In the NBA, success is just as much about talent as it is team fit. Here’s a look at how former Wildcat Rondae Hollis-Jefferson fits in with the Brooklyn Nets in his first professional season.
What complicates things is that the Nets are one of the more unstable teams in the NBA at the moment. After spending vast amounts of cap space on their core stars, Brooklyn’s attempt at a superteam ultimately fizzled out. Now, they’re sitting in the stink of it while trying to take the next step as a franchise.
That next step appears to be a fire sale, as the team agreed to a buyout of starting point guard Deron Williams and has actively shopped Joe Johnson’s bloated contract too.
The Nets did resign starting center Brook Lopez and power forward Thaddeus Young though, so the team’s talent is concentrated in the frontcourt along with Johnson, the incumbent small forward.
That will probably limit Hollis-Jefferson’s minutes, who is expected to play mostly at the 3 with the ability to play the 4 against smaller opponents. Johnson averaged over 34 minutes per game last season and is going to be the team’s top perimeter scoring option, so he figures to be on the court a lot next year.
Of course, if Johnson were to get traded to a team that would like to take his expiring 24 million dollar contract off the books next year, that would open up the world for Hollis-Jefferson.
But any trade talk is premature at this point, and Hollis-Jefferson will have to carve out his own path to minutes in a couple of different ways.
Of course defense will be the primary way RHJ gets on the court. Brooklyn lacks perimeter defenders, so he could potentially play a meaningful role as a reserve defensive specialist.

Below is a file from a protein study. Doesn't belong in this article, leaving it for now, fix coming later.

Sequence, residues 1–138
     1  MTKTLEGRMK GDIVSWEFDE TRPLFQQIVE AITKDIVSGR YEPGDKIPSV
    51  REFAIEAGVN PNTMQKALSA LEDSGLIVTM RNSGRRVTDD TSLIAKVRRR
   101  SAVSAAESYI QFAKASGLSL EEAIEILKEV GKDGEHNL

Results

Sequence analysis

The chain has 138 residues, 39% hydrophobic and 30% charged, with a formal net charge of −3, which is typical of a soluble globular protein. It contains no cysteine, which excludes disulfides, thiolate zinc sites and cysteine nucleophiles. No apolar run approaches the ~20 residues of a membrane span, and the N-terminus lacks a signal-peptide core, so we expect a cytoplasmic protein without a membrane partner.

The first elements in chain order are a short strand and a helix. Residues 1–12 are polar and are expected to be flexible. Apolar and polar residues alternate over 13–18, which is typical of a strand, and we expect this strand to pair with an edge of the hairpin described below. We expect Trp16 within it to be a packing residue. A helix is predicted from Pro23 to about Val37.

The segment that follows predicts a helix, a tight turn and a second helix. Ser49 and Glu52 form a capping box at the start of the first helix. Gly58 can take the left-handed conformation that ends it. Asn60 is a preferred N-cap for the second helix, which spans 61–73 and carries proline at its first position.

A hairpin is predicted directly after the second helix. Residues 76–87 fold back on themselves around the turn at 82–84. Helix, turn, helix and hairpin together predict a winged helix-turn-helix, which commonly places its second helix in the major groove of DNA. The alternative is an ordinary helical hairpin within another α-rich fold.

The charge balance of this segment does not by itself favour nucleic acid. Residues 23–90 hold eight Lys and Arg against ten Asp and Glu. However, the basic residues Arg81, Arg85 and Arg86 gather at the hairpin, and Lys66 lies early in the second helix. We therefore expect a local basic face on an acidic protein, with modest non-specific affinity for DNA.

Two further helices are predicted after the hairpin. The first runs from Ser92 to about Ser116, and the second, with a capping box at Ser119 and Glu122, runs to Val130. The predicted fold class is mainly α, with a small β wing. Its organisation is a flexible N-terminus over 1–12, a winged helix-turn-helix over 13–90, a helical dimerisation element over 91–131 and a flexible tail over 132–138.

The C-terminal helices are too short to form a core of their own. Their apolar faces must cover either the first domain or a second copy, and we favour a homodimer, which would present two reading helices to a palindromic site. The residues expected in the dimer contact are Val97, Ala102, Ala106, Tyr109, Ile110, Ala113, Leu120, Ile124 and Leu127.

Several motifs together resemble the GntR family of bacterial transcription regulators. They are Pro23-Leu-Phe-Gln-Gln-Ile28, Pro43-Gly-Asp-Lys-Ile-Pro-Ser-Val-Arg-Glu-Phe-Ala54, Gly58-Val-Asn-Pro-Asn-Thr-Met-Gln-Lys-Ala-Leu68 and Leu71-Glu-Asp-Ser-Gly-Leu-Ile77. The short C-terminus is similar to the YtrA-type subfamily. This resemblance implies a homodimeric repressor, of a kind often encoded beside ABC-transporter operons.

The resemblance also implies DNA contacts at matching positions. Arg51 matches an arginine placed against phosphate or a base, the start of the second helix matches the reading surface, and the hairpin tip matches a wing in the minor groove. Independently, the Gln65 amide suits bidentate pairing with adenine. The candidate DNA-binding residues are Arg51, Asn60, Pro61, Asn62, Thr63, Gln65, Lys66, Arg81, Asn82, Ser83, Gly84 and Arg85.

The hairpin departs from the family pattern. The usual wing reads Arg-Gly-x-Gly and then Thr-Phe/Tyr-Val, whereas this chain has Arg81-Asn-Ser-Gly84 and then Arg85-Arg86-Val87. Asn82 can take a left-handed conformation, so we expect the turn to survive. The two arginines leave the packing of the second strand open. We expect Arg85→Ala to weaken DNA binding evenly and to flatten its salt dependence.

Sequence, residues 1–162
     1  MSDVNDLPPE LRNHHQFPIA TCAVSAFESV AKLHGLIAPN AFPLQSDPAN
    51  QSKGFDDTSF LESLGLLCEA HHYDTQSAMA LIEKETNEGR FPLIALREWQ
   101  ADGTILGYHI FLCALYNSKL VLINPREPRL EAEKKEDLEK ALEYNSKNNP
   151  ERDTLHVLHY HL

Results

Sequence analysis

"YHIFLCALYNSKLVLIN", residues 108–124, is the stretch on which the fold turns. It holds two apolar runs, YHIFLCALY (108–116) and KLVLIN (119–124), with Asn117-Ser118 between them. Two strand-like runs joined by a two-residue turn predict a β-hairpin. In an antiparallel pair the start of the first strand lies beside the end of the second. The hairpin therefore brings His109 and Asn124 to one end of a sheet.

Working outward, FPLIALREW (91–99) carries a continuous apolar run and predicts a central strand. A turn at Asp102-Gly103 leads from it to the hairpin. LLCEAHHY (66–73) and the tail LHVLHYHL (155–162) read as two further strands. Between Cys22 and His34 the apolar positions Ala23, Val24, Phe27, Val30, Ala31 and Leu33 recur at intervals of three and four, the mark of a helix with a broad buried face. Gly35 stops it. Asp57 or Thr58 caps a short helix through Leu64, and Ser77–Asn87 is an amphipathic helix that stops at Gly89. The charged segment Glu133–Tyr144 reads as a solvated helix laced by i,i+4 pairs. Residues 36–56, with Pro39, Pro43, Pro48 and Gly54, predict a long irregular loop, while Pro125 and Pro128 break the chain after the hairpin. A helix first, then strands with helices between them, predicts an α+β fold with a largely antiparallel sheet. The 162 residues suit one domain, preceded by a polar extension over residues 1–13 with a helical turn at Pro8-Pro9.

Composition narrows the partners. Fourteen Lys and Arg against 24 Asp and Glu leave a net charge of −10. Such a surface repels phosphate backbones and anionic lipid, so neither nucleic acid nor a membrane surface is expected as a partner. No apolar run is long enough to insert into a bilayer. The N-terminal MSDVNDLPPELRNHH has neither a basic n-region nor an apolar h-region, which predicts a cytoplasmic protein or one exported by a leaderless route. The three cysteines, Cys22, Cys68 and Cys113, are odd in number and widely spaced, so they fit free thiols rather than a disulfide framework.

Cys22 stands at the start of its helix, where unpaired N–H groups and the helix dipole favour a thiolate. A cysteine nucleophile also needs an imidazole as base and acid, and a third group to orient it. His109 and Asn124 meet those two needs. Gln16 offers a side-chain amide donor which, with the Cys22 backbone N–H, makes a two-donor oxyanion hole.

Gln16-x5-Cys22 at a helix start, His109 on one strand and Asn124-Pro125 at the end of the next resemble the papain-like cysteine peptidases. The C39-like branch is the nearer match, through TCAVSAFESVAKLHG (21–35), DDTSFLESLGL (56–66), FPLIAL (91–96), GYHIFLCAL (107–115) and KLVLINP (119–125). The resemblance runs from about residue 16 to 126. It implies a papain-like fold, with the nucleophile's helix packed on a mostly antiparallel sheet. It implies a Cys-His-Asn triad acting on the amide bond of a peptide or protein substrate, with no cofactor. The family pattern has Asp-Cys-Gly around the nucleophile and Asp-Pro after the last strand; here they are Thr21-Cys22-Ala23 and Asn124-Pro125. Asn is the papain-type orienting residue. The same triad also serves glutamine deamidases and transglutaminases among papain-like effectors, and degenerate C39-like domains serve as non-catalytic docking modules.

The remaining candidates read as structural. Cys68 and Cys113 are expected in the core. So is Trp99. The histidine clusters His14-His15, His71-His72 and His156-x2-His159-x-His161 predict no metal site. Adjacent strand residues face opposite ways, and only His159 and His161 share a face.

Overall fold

But the more important way Hollis-Jefferson will earn time will be through an improved shooting stroke. He’s got a long way to go in that department, but he’s shown some promise so far in Summer League play.
After scoring in single digits for his first four games, Hollis-Jefferson exploded for 22 points, 11 rebounds, 5 assists, and 4 steals. He struggled with his shot, converting just 8 of 21 attempts, but his increased aggression as a scorer bodes well for his offensive improvement.
Hollis-Jefferson continued that momentum in his last game, scoring 15 points with 9 rebounds, 4 assists, and 4 steals on 5 of 11 shooting.
It won’t be that easy in the regular season, but it’s clear Hollis-Jefferson’s comfort level is rising. And as he gets more comfortable in the pro game, his versatility and athleticism are shining through.
Hollis-Jefferson’s rookie season shouldn’t be judged by the stats, but more on how he improves and manages to fit into the team’s rotation. If he makes strides in his offensive game, though, Hollis-Jefferson could be a big part of the Nets’ immediate plans.